Solutions and results

Most consultants' Web sites drone on about their "world class" services, "best practices," and "methodologies." Clients don't buy services; they buy solutions. Guerrillas dump the consultant-speak and focus on providing solutions. Clients may not be interested in the latest high-tech inventory management system, but they do want to hear how you can help them manage inventory better.

So talk about the solutions you offer, giving real-life examples of the results you helped clients achieve. For example, "We helped Allied Rock improve working capital by 30 percent and cut supply costs by 22 percent in four months." Follow up each statement with a link to a case study that summarizes how you worked with that client to achieve those results.

Guerrilla Tactic: Get Down to Brass Tacks

State your solutions and results as specifically as possible. Use your clients' names, if you have permission. Everyone pays more attention to and retains information about names they recognize.

Many consultants mistakenly believe that by describing their services broadly, they will appeal to a wider audience and acquire more clients. Actually, the opposite is true. The less specific you are, the less likely it is that clients will think of you when they need help with a particular problem. By being ambiguous, you also might attract clients who wouldn't be a good fit for your practice, which—at the very least—will waste your time and energy.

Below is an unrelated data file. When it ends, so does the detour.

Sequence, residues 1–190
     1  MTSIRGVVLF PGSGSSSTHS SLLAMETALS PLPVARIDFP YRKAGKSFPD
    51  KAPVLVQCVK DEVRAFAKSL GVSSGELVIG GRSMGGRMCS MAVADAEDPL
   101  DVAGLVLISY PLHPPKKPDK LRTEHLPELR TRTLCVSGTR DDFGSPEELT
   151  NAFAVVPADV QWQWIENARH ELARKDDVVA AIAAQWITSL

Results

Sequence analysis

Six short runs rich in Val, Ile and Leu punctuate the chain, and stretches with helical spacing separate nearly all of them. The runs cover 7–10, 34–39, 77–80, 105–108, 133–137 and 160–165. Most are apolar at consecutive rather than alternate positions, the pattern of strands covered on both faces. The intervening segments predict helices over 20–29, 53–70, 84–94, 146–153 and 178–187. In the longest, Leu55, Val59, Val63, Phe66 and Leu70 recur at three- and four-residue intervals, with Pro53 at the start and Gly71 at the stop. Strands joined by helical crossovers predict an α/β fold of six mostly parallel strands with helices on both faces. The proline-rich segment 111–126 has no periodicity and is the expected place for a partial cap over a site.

Providing details on solutions and results serves two important purposes, one for prospective clients and the other for you. For clients, it demonstrates what you have to offer and how you are different from your competitors. For the consultant, it weeds out those clients who may find your material interesting, but don't need the particular solutions you provide.

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